Fifty-five RCTs (n=6,741) were included in the review.
The Jadad scores for quality ranged from 1 to 5.
Progestins (29 RCTs, n=4,139). MA (23 studies): patients treated with MA showed improvements compared with those taking placebo (of 10 placebo-controlled RCTs, nine reported significant improvements in appetite and seven reported significant improvements in weight). The review authors described side-effects associated with MA as 'acceptable' but no data were reported. There was very little effect of MA on quality of life (10 RCTs).
MPA (6 studies): patients treated with oral MPA showed improvements compared with those taking placebo (of 6 placebo-controlled RCTs, four reported significant improvements in appetite and five reported significant improvements in weight). The review authors described side-effects associated with MPA as 'acceptable' but no data were reported. Two of the 3 RCTs assessing quality of life reported improvements in quality of life associated with MPA; the other study reported no measurable benefit.
Corticosteroids (6 RCTs, n=647).
Intravenous MPSS: 2 RCTs evaluated intravenous 125 mg/day MPSS for 8 weeks and reported improvements in appetite, pain, quality of life, vomiting and well-being, as well as a temporary improvement in appetite, compared with placebo. One of the RCTs assessed weight and found no treatment difference.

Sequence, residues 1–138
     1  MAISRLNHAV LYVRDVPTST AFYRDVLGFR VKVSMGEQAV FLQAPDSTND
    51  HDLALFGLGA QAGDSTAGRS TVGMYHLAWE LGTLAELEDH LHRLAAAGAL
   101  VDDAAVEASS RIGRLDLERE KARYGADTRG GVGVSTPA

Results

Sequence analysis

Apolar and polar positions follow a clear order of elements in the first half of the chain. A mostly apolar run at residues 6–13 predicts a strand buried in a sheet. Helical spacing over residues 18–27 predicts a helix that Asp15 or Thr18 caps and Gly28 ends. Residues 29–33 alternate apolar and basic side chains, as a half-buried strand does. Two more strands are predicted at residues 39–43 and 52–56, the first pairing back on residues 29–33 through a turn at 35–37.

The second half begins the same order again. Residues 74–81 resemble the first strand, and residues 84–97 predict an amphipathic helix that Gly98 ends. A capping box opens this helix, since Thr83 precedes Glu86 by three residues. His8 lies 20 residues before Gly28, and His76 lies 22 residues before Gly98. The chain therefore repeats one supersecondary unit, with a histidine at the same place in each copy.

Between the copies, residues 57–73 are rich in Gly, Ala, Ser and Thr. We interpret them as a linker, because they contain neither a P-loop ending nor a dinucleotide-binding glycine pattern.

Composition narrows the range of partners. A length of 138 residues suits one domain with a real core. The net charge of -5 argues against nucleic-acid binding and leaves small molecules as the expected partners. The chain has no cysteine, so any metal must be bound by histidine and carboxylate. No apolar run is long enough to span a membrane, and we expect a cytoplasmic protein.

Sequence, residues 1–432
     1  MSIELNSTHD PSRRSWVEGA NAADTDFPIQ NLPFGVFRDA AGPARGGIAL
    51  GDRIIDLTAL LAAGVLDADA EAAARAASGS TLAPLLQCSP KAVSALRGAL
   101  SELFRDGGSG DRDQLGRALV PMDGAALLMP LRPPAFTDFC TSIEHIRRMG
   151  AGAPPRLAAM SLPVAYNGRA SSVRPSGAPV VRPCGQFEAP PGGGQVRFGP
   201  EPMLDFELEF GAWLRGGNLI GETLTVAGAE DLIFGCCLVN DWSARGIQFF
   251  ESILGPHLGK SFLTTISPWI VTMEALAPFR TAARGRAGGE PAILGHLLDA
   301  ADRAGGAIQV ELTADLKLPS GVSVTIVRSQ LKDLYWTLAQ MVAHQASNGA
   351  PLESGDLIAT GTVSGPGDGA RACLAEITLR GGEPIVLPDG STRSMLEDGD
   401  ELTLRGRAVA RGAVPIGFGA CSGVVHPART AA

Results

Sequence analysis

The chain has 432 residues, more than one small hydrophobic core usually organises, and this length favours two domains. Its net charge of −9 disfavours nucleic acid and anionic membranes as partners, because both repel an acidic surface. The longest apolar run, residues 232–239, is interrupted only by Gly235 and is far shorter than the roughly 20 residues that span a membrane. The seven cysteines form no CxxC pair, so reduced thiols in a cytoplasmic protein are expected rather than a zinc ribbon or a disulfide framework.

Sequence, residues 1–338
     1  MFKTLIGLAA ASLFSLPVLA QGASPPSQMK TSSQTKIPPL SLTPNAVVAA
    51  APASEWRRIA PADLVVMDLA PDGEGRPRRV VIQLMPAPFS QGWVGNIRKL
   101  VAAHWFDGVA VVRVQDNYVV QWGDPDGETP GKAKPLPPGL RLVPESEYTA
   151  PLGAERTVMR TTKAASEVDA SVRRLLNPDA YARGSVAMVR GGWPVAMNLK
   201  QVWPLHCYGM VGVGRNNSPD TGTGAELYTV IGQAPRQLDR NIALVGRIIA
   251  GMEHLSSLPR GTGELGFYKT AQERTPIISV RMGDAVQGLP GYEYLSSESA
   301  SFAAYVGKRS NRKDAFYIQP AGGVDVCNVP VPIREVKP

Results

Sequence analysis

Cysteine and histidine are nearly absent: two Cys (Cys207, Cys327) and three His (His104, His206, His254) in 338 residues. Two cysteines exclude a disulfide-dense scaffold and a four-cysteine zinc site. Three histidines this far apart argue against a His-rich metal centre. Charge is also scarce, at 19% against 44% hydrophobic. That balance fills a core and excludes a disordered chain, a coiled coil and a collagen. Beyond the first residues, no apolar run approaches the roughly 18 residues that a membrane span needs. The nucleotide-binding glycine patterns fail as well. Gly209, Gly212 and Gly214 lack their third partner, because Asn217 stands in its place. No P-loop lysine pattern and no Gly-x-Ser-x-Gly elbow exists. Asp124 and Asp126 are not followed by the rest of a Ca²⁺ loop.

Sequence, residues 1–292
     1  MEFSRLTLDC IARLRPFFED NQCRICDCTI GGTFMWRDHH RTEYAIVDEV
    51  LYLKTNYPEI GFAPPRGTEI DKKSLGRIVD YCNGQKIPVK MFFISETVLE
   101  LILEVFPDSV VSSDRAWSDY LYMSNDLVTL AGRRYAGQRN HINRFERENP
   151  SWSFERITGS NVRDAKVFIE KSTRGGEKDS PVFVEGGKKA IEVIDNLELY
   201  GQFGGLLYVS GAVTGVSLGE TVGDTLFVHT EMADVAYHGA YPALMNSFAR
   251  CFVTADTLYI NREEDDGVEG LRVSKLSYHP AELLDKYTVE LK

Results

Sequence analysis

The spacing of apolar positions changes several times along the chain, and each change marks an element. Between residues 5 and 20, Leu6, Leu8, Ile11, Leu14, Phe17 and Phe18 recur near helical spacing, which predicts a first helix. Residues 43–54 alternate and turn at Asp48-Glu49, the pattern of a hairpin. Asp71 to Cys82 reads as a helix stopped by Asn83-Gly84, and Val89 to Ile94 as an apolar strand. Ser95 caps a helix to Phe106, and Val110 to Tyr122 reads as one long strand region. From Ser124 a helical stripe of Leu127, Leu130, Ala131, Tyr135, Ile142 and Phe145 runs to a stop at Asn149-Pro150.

MP: one crossover RCT evaluated oral 32 mg/day MP for 14 days and reported improvements in appetite and performance status compared with placebo.
Prednisolone: one RCT evaluated 10 mg/day prednisolone for 6 weeks and reported significant improvements in appetite and well-being compared with placebo.
Dexamethasone: 2 placebo-controlled RCTs evaluated 3 to 8 mg/day dexamethasone. One reported significant improvements in weight of unclear onset and duration compared with placebo (table stated the improvement was at 4 weeks but not 2 weeks, whilst the text stated the improvement was at 2 weeks but not at 4 weeks); the other reported no significant treatment difference in appetite.
Hydrazine sulphate (5 RCTs, n=796). Four of the 5 RCTs reported no significant difference in appetite or weight gain between oral hydrazine (60 to 180 mg/day) and placebo; the fifth RCT reported improved appetite and increased or maintained weight with hydrazine.
Studies of other drugs reported mixed results or positive results only in individual studies, or were not placebo-controlled.